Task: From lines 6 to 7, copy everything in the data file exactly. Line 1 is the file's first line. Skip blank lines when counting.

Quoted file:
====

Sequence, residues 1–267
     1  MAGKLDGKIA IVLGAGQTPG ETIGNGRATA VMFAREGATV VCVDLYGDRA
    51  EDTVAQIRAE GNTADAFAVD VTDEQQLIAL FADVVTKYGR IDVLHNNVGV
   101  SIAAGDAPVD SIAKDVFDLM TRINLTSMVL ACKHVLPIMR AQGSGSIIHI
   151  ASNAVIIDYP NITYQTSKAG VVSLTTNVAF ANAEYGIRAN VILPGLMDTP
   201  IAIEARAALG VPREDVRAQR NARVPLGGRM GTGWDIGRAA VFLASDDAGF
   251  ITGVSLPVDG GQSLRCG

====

   201  IAIEARAALG VPREDVRAQR NARVPLGGRM GTGWDIGRAA VFLASDDAGF
   251  ITGVSLPVDG GQSLRCG